Meet the 12-year-old Californian training with FC Barcelona

Photo: Ayrton Ostly/The Californian

Meet the 12-year-old Californian training with FC Barcelona

Boys Soccer

Meet the 12-year-old Californian training with FC Barcelona


It’s September 2009. Two teams of 3-year-olds are playing in one of their first organized soccer games. Some of the kids are holding their parents’ hands as they’re directed to pass the ball around.

But one kid stood out among the group of preschoolers: Seaside (Calif.) native Sekou Mathews. He quickly weaved and dribbled around the field, passing well and scoring at will.

“After about the fifth goal, everyone kind of stopped cheering,” Mathews’ mother Liza Linsao said.

Nine years later, Mathews has continued to excel for a club team, the Monterey County Futbol Club, and earned an invitation to Spain to train with arguably the biggest soccer team in the world, FC Barcelona.

A child prodigy

Mathews first learned the game from watching and emulating his brother, Cy, seven years his senior.

Cy, a Palma graduate and current sophomore at Lewis and Clark College in Portland, taught him some of the ins and outs of the game, hence his domination on the field as a three-year-old.

“After that first game we had him moved up to a higher age group,” Linsao said. “Just so it was a more level field. I felt bad about him being in that first group.”

Cy’s practice helped the younger Mathews keep up with the older kids. He made an impact despite his smaller stature.

By the time he hit grade school, Mathews was garnering attention for his exploits on a number of fields including soccer, football, basketball and track.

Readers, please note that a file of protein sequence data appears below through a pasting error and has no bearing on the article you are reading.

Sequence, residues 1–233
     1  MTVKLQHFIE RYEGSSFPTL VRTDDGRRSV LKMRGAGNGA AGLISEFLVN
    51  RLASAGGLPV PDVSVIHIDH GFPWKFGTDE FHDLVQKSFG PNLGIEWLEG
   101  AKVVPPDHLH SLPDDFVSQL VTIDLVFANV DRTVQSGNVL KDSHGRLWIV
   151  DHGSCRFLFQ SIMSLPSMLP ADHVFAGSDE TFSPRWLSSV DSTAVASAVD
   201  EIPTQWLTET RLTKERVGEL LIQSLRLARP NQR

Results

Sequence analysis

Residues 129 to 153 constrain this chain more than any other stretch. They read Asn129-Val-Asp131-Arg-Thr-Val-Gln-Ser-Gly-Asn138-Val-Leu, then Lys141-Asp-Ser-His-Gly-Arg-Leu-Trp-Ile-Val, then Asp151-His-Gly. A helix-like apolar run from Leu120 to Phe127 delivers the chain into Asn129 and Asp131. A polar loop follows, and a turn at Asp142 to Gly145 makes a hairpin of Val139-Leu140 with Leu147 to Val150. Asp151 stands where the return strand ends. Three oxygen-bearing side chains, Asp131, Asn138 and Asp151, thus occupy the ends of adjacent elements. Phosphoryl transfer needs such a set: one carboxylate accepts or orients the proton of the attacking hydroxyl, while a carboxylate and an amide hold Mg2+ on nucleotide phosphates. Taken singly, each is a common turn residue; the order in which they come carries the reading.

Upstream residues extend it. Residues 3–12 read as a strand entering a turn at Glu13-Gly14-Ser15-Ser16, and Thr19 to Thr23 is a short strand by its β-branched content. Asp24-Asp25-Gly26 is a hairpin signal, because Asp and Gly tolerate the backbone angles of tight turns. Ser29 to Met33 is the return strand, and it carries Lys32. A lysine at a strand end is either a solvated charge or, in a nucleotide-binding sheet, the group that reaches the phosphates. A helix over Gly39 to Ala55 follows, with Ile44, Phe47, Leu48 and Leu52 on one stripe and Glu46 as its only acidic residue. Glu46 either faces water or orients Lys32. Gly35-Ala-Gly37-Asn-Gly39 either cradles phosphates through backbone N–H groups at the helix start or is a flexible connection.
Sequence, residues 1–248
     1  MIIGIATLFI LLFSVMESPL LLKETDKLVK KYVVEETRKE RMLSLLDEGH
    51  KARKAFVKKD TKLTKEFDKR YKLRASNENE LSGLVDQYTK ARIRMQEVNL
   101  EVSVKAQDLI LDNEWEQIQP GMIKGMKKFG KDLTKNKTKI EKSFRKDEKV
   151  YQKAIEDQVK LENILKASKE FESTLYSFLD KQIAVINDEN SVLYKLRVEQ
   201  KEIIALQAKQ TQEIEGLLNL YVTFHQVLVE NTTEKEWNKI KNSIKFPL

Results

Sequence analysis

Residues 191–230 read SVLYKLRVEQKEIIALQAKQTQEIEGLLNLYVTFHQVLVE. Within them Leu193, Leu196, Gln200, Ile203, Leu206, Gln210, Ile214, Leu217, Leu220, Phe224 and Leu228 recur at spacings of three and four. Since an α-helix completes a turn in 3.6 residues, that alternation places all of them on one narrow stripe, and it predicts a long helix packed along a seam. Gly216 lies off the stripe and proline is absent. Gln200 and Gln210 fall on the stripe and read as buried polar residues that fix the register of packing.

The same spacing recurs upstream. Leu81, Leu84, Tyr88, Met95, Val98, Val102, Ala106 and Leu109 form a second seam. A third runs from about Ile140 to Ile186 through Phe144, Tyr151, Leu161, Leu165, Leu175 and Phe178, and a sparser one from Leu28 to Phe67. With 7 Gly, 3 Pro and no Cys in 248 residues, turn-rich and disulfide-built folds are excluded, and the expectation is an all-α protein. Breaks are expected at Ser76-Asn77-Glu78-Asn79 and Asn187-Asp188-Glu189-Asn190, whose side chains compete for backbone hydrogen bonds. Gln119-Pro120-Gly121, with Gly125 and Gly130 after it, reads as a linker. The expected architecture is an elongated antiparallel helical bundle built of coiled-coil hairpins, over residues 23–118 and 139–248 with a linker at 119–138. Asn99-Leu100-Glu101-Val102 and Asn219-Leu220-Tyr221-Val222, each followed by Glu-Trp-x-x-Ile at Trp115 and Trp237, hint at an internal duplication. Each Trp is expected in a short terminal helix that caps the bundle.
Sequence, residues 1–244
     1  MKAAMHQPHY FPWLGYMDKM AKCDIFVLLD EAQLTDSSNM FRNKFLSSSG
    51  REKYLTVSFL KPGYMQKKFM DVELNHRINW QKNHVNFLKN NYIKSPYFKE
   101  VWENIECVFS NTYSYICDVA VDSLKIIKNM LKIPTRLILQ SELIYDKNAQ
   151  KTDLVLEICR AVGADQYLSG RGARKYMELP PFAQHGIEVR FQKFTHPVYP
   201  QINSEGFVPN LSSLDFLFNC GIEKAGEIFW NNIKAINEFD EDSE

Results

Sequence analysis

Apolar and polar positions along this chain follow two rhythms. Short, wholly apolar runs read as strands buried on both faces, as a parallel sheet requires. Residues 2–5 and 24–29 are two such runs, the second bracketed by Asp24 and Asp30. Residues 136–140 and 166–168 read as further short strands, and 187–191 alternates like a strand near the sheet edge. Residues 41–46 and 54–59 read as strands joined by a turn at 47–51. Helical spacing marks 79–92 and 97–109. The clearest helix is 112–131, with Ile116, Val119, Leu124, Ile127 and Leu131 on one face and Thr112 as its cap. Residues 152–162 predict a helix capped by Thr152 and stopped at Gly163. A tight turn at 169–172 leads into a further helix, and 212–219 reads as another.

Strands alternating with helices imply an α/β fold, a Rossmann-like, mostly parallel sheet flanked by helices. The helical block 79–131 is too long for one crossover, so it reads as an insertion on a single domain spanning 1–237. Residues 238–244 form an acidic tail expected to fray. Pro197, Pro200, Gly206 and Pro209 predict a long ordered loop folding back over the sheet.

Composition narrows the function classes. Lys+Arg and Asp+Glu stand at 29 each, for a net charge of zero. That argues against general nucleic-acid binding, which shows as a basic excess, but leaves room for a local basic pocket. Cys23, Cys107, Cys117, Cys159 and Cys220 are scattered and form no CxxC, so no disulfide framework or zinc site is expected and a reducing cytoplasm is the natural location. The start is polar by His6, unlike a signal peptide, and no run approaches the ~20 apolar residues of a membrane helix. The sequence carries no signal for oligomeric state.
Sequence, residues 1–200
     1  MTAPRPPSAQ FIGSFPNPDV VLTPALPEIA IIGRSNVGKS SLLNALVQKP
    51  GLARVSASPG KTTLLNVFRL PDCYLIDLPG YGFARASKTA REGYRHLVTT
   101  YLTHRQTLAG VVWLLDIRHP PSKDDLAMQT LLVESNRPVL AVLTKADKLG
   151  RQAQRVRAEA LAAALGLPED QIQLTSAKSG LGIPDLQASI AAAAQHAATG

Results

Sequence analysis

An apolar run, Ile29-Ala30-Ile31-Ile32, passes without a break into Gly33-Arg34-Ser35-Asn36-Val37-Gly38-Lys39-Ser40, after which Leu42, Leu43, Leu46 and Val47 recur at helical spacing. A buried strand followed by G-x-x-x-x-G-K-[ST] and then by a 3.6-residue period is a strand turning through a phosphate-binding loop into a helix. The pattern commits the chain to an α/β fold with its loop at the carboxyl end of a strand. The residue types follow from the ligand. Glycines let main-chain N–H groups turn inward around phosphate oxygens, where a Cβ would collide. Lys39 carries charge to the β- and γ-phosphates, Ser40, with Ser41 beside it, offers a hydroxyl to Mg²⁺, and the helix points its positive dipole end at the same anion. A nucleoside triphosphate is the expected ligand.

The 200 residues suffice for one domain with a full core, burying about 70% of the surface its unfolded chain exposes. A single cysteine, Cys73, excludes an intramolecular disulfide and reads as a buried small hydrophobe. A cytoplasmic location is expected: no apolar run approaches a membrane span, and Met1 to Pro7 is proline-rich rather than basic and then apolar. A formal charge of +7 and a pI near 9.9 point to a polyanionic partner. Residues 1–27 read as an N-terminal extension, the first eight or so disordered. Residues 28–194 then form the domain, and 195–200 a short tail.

But shortly after his 10th birthday, Mathews made up his mind to narrow his athletic exploits to just one sport.

An incredible invite

Knowing the skills he has, Linsao and his father, Trevino Mathews, signed him up for a San Francisco FC Barcelona camp in July.

“We drove up there every single day,” Linsao said. “There were coaches there, scouts there, everything.”

This was one of 33 camps the club hosts nationwide to find youth talent to add to their academy. Five thousand kids participate every year in the camps and only 180 are chosen for invitation to the club’s facilities in Barcelona for a 10-day training session in November, roughly six per camp.

A few weeks passed after the camp and, assuming he hadn’t made the cut, Mathews’ focus went to the next soccer camp to improve his skills.

“We’d pretty much given up on it,” Linsao said. “But then I got a text that said, ‘check your email. Your son was selected to train at FC Barcelona.’ “

The whole family was elated. Their hopes had been confirmed — Mathews is among the best in the country at his age.

“It feels mind-blowing and awesome to play somewhere that I’ve always had dreams of being able to play at,” Mathews said.

At a cost

The joy of his invitation came coupled with some worry. A 10-day trip to Barcelona on a couple month’s notice would likely be expensive.

The cost of Mathews’ training, tours, career workshops and room and board is $2,700. Then there’s the family package, including hotel and food for the family members accompanying the players, that costs another $1,900. Linsao and Mathews’ two-year-old brother are coming along, she explained, as Mathews’ father works for UPS and wouldn’t be able to take time off during the holidays.

Then there’s also the three round-trip tickets to Barcelona — no small fee in itself.

To help cover the costs of the trip, Mathews’ family set up a GoFundMe page titled “Send Sekou to train at FC Barcelona.” As of Tuesday night, they were $1,000 short of their goal, but Linsao is pleasantly surprised by the support.

“Coaches from his past have reached out and donated hundreds of dollars,” she said. “Former teachers, even strangers. It’s so crazy how GoFundMe works.”

“We feel like it’s so important for him to go because he needs the exposure,” Linsao said. “He’s just so talented. Even if he doesn’t get an invitation to play for Barcelona, he can make some connections there and that could lead to a host of things.”

Read the full article at the California Sun.


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